The family in Berwick


John Dagleish (b1873)

An Englishman with two Scottish grandparents and at least one Irish grandparent.  I don’t know where his remaining grandparent, James Drummond, was from.  This means we only have to go back 200 years to find Scottish Dagleish’s!  I had no idea it was so recent! 


Peter Dagleish (b1840) and his father William (b1807)

William Dagleish and his family lived in the Greenses area of Berwick where William earned his living as a seaman.  Unfortunately the census doesn’t give a street name in the Greenses.  The 1851 census states that William was born in Berwickshire Scotland.  This is interesting, whereas Berwick is in England, Berwickshire is in Scotland.  So our Scottish ancestors could be more recent that I had imagined.  Unfortunately I don’t know where in Berwickshire William was born.  He may have died in 1852 as there is a death record in Berwick for someone by that name. 


James Drummond and Jane McAllister

The 1851 census lists Catherine Drummond living in Tweedmouth (Berwick) in the same household as her widowed mother, Jane Drummond who was born in Ireland.  I can’t find Jane, Catherine or James on the 1841 census and have relatives to thank for Jane’s maiden name and her husband’s name.  James, therefore, is a bit of an enigma.  Likewise I’m not sure when or why Jane moved from Carrickfergus in Ireland to Berwick but according to Christopher Dagleish’s records she had a brother who died at the battle of Waterloo.



There are still more questions than answers on this branch of the family tree.


More about Berwick

The Greenses area

“To the north of Berwick-upon-Tweed, in a natural bay you find what remains of the Greenses harbour. The sea fishermen of the Greenses and their families once lived nearby in the area known as Low Greens

Until the First World War ‘The Greenses’ were cut off from the rest of Berwick-upon Tweed by the Elizabethan Walls and formed a separate neighbourhood”

Taken from [13/10/2009]


English or Scottish?

“Today the visitor to Berwick can be forgiven for believing it to be a Scottish town, as after all it stands on the northern bank of the River Tweed, an entirely Scottish river and it does seem to have a rather Scottish appearance. Berwick is also the name of a large Scottish Burgh and the old county of Berwickshire (of which Berwick was not part !) was in Scotland. Furthermore Berwick, is a little bit more closer to the Scottish capital of Edinburgh, than to the North East's regional centre of Newcastle upon Tyne.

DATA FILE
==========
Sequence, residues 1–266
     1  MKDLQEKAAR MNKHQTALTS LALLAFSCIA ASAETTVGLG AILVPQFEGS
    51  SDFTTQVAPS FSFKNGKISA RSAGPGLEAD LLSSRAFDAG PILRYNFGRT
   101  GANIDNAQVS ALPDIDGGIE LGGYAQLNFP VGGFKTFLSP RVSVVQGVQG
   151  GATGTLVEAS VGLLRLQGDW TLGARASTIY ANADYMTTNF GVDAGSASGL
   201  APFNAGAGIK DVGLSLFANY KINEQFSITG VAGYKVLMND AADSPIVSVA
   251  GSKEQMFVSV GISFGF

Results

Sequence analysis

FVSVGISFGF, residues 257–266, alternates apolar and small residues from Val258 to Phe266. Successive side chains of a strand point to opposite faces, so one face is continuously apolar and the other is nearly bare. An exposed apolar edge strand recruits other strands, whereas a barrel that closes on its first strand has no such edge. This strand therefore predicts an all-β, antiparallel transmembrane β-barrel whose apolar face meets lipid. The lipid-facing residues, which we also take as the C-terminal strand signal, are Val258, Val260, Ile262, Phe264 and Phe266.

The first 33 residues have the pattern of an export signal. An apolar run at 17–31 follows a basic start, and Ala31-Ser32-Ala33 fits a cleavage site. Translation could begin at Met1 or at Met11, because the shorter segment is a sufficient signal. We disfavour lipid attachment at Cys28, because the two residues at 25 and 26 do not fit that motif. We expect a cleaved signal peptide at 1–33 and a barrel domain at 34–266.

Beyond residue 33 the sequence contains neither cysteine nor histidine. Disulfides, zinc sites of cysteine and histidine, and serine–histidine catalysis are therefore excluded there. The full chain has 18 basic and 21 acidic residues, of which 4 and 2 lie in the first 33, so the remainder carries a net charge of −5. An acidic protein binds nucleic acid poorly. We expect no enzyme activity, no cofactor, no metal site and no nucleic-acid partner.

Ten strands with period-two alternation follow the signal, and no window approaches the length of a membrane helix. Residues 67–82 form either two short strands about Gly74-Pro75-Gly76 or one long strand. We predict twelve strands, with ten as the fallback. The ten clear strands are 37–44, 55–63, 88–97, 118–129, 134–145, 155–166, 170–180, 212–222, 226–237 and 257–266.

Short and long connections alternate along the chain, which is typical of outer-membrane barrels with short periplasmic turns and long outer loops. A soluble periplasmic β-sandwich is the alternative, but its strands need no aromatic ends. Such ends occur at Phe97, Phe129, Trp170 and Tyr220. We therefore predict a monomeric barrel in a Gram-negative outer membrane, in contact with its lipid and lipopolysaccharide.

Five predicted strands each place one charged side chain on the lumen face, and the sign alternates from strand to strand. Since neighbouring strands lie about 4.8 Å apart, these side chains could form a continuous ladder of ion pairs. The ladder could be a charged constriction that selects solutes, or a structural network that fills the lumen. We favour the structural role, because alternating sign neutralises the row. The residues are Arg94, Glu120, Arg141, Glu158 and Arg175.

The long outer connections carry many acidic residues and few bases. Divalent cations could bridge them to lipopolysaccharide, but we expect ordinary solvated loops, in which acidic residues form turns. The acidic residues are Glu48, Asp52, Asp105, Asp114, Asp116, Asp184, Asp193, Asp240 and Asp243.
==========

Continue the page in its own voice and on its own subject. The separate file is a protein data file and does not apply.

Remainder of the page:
The belief that Berwick is Scottish is also reinforced by the fact that most of the commercial banks in the town are Scottish and that the local football team plays in the Scottish league. Dialect also leads to the belief that Berwick is Scottish as to most Englishmen the local `Tweedside' accent spoken in Berwick sounds Scottish, although most Scots would recognise the Northumbrian influence.

The Scottish claim for Berwick is certainly strong but the English influence upon the area is also very significant. Berwick as already stated began as an English or at least an Anglo-Saxon settlement, in the Kingdom of Northumbria and although for four hundred years it regularly changed hands between England and Scotland it has remained in the former part of the United Kingdom for the past five centuries. Berwick's policeman and laws are therefore English, and its most senior councillor is an English mayor not a provost as in the Scottish system of local government. Berwick town also has an important status, as the administrative centre for the Northumberland County District of Berwick upon Tweed.”

From [26/09/2007]



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